He liked nothing more than slipping out the back of the Ritz Carlton and heading down Nonhyeon-ro, more alley than street, past the small bulgogi restaurant, and winding his way to Gangnam-daero 106, finally arriving on the great avenue, Gangnam-daero. It was buzzing with life at all hours, but in the early evening the Virgin Megastore was quieter. He’d slip in, ignoring the rock blaring on the first floor, the insane K-Pop on two and finally, passing through classical, arriving at the international section tucked away in a third floor corner. He’d rummage for Celtic CDs, certain he’d find things he never could get at home, for while Korea was so greatly influenced by America, Virgin, a good U.K. company, brought its CDs from England and sold them at surprisingly low prices. A bit of the ould sod in Korea, and hey, kimchi was once green right?
After years of embarrassment I have finally come into the light. It isn’t that my writing has improved, although I surmise that would be a narrow space to fill, or that I can now draw things that were once stick people and animals and things.
What has improved, and improved significantly is my singing voice, once a three note range, and one not known to music, but now I carry complex tunes to near perfection.
If you ask how this is possible, I will let you in on a secret, it is all in the audience, and mine is now limited to those stone deaf.
Music was so much simpler when I was younger, or so it seemed, artists came and went but we always knew who was who, and when a group broke up you’d almost hold your breath until a new group was formed by the lead singer or songwriter.
We missed the Zombies, but Rod knew where his silver was minted and Argent came along quickly.
The First Edition realized it would have only one, so Kenny Rodgers went solo and we all know that story.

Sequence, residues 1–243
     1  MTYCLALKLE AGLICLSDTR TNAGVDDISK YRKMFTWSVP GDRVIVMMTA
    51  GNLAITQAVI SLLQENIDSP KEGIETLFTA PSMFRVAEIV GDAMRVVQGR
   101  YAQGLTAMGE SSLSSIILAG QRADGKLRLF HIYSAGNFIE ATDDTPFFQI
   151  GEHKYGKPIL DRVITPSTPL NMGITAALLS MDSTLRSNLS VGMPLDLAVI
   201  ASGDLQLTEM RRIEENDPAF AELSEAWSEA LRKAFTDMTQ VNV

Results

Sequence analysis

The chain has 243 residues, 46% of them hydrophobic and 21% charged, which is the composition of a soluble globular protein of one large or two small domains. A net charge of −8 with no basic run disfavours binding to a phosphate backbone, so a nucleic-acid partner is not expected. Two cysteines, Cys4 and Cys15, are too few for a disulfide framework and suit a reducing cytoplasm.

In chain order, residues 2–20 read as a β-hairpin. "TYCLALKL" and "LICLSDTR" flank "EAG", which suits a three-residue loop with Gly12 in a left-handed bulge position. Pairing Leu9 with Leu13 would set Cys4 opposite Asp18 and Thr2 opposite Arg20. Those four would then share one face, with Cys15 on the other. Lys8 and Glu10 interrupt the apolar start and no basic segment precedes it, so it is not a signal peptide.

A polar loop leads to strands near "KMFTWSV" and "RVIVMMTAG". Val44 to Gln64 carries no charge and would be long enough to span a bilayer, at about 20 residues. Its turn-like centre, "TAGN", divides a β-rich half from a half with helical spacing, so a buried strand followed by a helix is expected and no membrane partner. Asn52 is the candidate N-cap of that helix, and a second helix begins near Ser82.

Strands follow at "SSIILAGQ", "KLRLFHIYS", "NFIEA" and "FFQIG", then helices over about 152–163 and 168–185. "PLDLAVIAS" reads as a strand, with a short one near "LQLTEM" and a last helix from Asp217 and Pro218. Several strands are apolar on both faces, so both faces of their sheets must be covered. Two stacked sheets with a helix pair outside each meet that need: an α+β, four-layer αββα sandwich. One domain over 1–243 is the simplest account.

And we learned never to turn your back on Clapton or Jimmy Paige, lest a new supergroup emerge when we weren’t looking.
Now music is populated by genres beyond my aural grasp, singers name Lil This or That, and I miss a world that revloved at 33 1/3 revolutions per minute.
The problem, or one of them, is the lack of music today. We have all manner of what people call music, but not the music of the sort we need, needed once and found, as we stormed the bastions and bastards who mired us in war, who shunned darker brothers and sisters, who made alienable basic rights to half of us without rhyme or reason, save greed and fear of loss of status, power.
Where are the songs now, calling us, you, to regain the victories, no matter how small that we won with our sweat and often our blood, eroded or taken over time by those who live in the shadows, who crawl out in the dark, who dread the light we would so willingly shine on them again.
With the stroke of a pen, they enabled me to write the story, gave a framework on which I could hang all manner of dreams and assumptions, inviting a search I never quite got around to making.
I wandered the beaches of Estoril in my dreams, stalked the avenues of Lisbon, looking for a familiar face, but found only ghosts.
With the stroke of a swab inside my cheek, a vial of saliva mailed, the story came apart, and a new story slowly unfolded, gone forever was Iberia, replaced by Scotland and Ireland, Wales, Norway and Germany, and my dreams were filled with the music of the bodhran and Highland pipes.
There is an art to creating a mix tape, more so to day, when tape is usually only found in museums and antique stores.
Then you chose carefully aware of the sonics, aware of the limits on time, weaving a musical tapestry.
You can do a mix CD but everyone knows that with tape you listened all the way through, for fast forward was only for getting to the end of the cassette to play the B-side, and CD’s have no B sides to play.
I was only in jail once, then for four hours, no charges and my biggest fear was that my parents would find out, or the cops would determine that I was only 17 and breaking the park curfew was not even a misdemeanor.
They let me go, gave me a ride back to the park, told me not to go in but I wouldn’t at 2 A.M. I assured them, I’d go home and get some slee before reporting to the University for my summer research position.
All these years later I wonder if that was possibly the cell that Joe Hill occupied once, or just what other manner of criminal I might have shared space with, hopefully someone not merely charged with violating park curfew.